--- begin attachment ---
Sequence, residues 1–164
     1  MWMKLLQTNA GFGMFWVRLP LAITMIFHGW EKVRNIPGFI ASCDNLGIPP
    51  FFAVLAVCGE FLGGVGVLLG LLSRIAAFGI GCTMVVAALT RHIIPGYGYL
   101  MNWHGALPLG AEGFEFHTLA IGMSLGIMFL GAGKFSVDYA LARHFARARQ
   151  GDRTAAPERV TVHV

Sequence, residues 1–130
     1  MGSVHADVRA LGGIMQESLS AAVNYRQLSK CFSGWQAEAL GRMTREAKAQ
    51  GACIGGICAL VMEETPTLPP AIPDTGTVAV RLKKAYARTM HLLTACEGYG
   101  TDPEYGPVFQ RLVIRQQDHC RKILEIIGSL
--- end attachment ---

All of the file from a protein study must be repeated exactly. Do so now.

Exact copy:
Sequence, residues 1–164
     1  MWMKLLQTNA GFGMFWVRLP LAITMIFHGW EKVRNIPGFI ASCDNLGIPP
    51  FFAVLAVCGE FLGGVGVLLG LLSRIAAFGI GCTMVVAALT RHIIPGYGYL
   101  MNWHGALPLG AEGFEFHTLA IGMSLGIMFL GAGKFSVDYA LARHFARARQ
   151  GDRTAAPERV TVHV

Sequence, residues 1–130
     1  MGSVHADVRA LGGIMQESLS AAVNYRQLSK CFSGWQAEAL GRMTREAKAQ
    51  GACIGGICAL VMEETPTLPP AIPDTGTVAV RLKKAYARTM HLLTACEGYG
   101  TDPEYGPVFQ RLVIRQQDHC RKILEIIGSL